The ideologue may conclude that, the coup against Gorbachev may have failed some 25 years ago, but it may have won its victory as of now.
So what went wrong?
The making of a new economy, which started almost 25 years ago, was not matched by shaping a new political landscape. Initial 3-year mandate to implement reforms after the collapse of the Soviet Union was soon cut short to a year after President Yeltsin gave in to pressure from staunch anti-liberal gosudarstvenniks. These were the folks who favored Government control over economy and politics — since gosudarstvo means “state”. The gosudarstvenniks disdained the fact that their influence slipped away from their hands after the collapse of the Soviet Union.
Although many in the liberal camp in Russia believed that the new economy alone could fundamentally change Russia and create the foundation for new democratic parties and groups to flourish, what was missing from this equation is that decades of propaganda and isolation are hard to be overcome quickly.
Despite ups and downs, Russia in the beginning of the millennium was indeed ready to embrace democracy and market economy. The nation was generally upbeat and confident about its future. Young, easy-going and seemingly apolitical Putin as President became a symbol of that aspiration when he first came to power. There were no talks about Crimea back then, nor were ideas about breaking away from international agreements or standing up to the West.
Russia’s divisive and anti-Western policies since Putin’s ascend to Presidency materially changed the path taken by Russia right after the fall of the Soviet Union. His pivot away from a European styled liberal democratic system is something that is bound to redefine the Russia of the near future. To a certain extent, the Putin’s story in Russia can be compared with Brexit, where the British politicians bet on Britain’s and Europe’s fortunes in order to safeguard their own.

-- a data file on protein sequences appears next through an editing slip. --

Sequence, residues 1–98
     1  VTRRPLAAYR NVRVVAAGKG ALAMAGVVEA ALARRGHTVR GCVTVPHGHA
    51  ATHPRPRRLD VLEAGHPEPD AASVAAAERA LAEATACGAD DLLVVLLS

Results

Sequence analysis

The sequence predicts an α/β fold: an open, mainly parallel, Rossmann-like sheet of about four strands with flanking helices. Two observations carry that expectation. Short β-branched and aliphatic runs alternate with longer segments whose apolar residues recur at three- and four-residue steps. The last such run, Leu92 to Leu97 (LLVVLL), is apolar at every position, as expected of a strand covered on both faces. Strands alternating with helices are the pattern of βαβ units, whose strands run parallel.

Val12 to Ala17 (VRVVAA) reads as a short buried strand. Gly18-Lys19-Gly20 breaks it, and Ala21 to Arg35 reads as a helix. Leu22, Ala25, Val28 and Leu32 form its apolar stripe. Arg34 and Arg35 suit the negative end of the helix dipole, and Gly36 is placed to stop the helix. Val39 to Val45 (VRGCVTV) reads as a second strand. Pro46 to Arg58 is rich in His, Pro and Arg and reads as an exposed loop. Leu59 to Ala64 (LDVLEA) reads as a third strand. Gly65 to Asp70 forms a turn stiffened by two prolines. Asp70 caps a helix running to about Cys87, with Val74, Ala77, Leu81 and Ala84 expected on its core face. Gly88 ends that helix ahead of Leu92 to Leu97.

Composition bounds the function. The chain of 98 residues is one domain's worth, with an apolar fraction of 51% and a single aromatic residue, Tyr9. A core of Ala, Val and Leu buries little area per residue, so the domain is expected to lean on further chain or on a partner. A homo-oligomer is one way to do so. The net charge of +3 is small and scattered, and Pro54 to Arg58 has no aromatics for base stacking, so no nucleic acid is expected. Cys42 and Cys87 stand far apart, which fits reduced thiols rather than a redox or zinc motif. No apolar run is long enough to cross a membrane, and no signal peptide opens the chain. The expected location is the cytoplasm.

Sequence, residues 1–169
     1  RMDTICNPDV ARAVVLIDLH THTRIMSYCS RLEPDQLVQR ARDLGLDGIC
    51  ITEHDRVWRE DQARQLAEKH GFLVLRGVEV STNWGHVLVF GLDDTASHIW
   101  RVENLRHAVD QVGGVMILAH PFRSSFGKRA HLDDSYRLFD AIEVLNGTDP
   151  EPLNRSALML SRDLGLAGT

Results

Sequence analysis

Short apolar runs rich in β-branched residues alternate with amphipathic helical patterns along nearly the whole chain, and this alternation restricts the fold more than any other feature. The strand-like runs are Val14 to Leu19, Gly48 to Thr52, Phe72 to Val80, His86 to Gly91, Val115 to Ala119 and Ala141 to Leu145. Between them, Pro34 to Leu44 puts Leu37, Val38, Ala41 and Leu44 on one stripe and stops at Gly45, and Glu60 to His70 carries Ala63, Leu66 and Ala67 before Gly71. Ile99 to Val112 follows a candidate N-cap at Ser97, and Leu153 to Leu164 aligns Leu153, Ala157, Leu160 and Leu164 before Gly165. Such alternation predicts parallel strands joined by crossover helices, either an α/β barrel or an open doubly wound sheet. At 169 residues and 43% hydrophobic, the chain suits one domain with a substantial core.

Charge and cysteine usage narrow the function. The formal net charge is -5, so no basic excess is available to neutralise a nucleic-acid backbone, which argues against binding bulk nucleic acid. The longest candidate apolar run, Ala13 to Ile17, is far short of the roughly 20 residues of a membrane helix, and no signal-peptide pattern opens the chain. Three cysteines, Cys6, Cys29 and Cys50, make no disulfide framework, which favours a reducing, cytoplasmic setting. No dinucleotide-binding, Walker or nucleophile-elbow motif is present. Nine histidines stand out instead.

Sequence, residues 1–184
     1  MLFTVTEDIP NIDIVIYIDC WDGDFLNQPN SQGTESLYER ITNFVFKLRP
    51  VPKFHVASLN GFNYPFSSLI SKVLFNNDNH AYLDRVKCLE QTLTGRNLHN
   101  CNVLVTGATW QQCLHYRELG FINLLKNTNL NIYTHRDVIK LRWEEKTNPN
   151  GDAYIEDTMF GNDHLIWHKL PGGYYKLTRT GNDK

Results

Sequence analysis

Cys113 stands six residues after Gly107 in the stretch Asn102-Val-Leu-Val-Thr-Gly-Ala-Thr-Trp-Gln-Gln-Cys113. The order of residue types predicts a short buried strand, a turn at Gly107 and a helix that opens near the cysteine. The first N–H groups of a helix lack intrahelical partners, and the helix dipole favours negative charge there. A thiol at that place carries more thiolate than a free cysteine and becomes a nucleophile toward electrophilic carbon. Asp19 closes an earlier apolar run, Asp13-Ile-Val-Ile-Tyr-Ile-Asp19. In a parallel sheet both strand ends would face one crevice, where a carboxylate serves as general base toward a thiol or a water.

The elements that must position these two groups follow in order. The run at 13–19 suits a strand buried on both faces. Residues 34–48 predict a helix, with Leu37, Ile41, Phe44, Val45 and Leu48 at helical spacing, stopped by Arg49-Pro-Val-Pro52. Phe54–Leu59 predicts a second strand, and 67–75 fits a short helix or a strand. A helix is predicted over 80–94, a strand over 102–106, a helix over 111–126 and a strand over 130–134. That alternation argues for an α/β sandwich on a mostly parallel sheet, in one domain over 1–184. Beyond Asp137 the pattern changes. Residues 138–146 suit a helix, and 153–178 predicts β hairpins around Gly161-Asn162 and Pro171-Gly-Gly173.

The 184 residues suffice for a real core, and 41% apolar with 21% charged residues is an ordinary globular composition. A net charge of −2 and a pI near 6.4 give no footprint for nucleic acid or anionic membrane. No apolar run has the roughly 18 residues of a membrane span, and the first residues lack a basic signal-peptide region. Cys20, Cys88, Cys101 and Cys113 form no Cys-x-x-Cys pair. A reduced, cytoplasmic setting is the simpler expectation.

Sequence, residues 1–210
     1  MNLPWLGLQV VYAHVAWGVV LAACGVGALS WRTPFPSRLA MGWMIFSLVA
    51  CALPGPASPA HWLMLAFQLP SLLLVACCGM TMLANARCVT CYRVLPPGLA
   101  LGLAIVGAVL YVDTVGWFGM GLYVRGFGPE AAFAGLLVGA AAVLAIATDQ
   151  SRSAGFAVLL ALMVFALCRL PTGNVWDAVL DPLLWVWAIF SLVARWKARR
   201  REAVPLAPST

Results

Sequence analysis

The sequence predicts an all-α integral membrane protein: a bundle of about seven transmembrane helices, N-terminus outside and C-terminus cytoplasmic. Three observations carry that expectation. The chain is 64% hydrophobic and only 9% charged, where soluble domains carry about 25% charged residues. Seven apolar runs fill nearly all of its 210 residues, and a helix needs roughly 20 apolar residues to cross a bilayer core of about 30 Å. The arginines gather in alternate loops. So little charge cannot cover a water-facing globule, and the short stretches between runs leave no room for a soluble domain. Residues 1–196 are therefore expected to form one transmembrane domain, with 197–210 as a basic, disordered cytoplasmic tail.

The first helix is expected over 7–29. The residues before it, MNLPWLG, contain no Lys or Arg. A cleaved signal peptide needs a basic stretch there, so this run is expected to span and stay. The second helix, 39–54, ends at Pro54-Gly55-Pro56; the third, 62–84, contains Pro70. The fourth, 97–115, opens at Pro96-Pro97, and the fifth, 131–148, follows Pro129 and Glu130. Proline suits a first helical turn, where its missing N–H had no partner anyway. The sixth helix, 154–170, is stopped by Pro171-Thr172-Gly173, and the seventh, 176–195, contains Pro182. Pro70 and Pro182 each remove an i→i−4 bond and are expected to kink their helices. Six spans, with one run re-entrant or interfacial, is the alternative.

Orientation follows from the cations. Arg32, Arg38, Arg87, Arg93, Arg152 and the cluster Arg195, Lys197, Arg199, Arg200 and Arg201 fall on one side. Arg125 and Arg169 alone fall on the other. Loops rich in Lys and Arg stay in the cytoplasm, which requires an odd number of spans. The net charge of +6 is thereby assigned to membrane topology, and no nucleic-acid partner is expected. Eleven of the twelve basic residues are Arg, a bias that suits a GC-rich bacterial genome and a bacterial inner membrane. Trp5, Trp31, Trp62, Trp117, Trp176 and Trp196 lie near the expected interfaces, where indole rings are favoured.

What to expect in the next 25 years?
Despite being a traditionalist society, Russians prefer change when they believe they are approaching a stalemate.
The next quarter of a century is likely to be tumultuous for the Russians. The country is already in the midst of a crisis due to a the stalled economy, declining and aging population, and falling income levels.The economy had started to tumble even before the oil and gas prices began to fall.
Any economic reform to be successful now depends on political change which should encompass cuts in military expenditures, limits on Government size and role, broader powers to regional authorities, protection of property rights, and establishment of a fair judiciary. President Putin is not ready to embrace all of these ambitions, although he is expected to be elected for another 6-year term in early 2018.
If things in Russia continue on their unique Russian ways, it is only expected that Putin will block any serious reform until he finds an acceptable successor who will guarantee him personal safety.
Despite high hopes of the early 1990s, Russia’s current economic and political prospects appear to be gloomy. The pivot taken during the 2000s is fast approaching a blind alley, forcing Russia to make either new choices or rather return to its older tracks prior to the 1990s.